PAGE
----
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A change in kidney allocation criteria in the United States could benefit patients on the waiting list for transplantation

The first international analysis of renal transplant patient data shows that a change in allocation criteria in the United States could benefit patients on the waiting list. Thousands more kidneys could be transplanted each year if the United States used, as France does, kidneys from older donors.

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Nearly 5,000 people in the United States and 3,500 in Europe die each year waiting for a kidney transplant. Yet, over the same period, in the United States, more than 3,500 available kidneys were discarded. The Journal of the American Medical Association (JAMA) Internal Medicine today published the results ( obtained with the help of an international team, that compared the use of kidneys available in the United States and France between 2004 and 2014. Using a new approach based on validated analytical methods and computer simulations, this work revealed that French transplant centres are much more likely to transplant kidneys from older donors than their American counterparts and that this effectively increases the number of patients transplanted. "These impressive results could transform transplantation practice in the United States, and significantly improve the health of thousands of American patients with kidney disease," said Dr Peter Reese, Associate Professor of Medicine and Epidemiology at the University of Pennsylvania. "This study is the first to use real data analysis using algorithmic simulations, thus allowing the comparison of kidney allocation systems between different countries. » "This international comparison of organ acceptance systems shows that the United States could use many more viable kidneys from older donors or those with co-morbidities," said Professor Alexandre Loupy, Nephrologist at the Department of Nephrology and Renal Transplantation at Necker Hospital in Paris and Founder of the Paris Transplant Group ( "In the context of the recent executive decree issued by the US government on kidney transplant practices, we are confident that these results will support the debate and necessary developments in the US system." This analysis builds on a long tradition of using international comparisons to identify best practices in the treatment of patients with chronic diseases. The results show that the approach to kidney allocation and organ use in France is effective if applied in the United States: - 17,435 kidneys (62%) of discarded kidneys in the United States were transplanted according to French criteria, lowering the organ rejection rate to 6.8% from the current 17.9% in the United States. - The United States could provide American patients with more than 13,200 additional years of life per year. The most significant gains would be achieved by using organs from older donors or those with medical conditions such as hypertension. - In France, the average age of kidney donors is 56 years, compared to 39 years in the United States. The current profile of the kidney transplant waiting list shows that American centres would have many opportunities to increase their use of currently discarded kidneys by offering them to older people. "This new allocation system would benefit patients enormously, especially in terms of duration and living conditions," said Dr Olivier Aubert, Assistant Professor at the Centre de recherche translational pour la transplantation d'organes de Paris (INSERM, France). "Since most candidates on the waiting list for a kidney transplant are on dialysis, which is a very expensive system, it would also save the U.S. healthcare system huge amounts of money very quickly." The lack of organs for kidney transplantation is a major public health problem worldwide, due to mortality and excessive costs to health systems, while waiting-listed patients are kept on chronic dialysis. This is a major concern for many people, whether patients, professional societies, organ procurement organizations, the federal government or payers.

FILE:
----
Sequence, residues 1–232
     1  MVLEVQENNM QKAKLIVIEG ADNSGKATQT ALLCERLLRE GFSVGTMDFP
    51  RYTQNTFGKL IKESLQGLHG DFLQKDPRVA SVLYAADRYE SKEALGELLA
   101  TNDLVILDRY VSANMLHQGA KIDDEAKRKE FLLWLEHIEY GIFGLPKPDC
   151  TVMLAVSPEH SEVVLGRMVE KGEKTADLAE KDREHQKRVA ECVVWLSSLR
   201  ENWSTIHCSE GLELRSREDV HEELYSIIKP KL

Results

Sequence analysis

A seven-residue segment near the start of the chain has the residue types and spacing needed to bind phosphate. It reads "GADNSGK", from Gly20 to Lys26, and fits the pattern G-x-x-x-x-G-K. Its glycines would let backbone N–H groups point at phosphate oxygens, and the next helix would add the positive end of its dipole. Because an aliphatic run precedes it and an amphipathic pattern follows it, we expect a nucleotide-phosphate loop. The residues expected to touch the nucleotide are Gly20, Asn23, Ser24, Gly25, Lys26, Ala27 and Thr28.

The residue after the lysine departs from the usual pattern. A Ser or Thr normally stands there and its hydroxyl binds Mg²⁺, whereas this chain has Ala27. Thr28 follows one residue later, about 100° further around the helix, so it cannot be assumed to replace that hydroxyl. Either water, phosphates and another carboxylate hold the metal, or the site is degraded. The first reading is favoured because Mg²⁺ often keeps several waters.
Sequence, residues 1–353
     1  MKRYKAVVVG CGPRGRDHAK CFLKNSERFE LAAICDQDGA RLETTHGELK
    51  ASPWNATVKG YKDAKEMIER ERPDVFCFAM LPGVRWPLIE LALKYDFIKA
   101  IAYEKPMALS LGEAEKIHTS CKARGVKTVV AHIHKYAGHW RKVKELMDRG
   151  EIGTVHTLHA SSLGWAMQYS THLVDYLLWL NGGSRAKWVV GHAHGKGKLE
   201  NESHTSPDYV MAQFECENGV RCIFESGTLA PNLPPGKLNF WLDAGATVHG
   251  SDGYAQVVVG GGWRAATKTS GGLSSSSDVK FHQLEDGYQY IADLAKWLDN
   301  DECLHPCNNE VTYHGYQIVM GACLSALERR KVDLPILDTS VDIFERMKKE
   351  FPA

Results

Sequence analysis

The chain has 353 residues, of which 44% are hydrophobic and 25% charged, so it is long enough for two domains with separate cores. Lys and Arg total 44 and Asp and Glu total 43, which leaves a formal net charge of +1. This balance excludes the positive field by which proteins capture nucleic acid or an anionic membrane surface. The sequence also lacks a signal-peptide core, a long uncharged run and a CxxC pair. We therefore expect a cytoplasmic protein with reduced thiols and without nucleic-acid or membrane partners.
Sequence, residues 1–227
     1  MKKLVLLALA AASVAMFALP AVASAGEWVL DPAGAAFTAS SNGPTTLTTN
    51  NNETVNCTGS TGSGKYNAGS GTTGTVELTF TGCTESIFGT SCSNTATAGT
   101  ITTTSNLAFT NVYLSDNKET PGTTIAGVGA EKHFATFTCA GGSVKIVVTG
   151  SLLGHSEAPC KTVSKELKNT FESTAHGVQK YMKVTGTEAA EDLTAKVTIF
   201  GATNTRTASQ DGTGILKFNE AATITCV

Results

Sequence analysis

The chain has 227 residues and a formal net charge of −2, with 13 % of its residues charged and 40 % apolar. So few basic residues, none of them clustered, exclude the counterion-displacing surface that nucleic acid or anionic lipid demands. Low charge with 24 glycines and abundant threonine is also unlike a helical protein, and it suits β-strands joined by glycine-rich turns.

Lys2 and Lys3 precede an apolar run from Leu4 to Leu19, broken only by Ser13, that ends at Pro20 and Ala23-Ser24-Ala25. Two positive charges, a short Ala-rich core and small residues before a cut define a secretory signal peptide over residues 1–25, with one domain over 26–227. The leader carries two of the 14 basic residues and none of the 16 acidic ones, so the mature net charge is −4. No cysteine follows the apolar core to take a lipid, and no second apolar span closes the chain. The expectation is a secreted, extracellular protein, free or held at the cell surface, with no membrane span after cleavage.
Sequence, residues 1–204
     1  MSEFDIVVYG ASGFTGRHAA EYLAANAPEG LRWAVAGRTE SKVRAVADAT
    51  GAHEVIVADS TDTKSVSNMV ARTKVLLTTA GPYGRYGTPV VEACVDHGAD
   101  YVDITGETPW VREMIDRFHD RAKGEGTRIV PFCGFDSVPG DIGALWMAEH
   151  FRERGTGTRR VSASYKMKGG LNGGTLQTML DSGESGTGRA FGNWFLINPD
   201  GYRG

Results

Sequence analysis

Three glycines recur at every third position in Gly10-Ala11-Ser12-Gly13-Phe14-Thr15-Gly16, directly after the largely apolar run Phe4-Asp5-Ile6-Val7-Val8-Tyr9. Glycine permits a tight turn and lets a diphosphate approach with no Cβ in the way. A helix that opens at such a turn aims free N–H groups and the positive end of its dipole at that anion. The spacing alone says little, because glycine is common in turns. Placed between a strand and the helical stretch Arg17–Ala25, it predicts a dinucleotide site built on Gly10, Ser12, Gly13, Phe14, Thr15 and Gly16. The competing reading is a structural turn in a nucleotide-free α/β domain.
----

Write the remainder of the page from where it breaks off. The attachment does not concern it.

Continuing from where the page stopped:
Kidney, allocation, transplantation, nephrology, Organ donor, healthcare, medicine, health, renal diseases, France, United States

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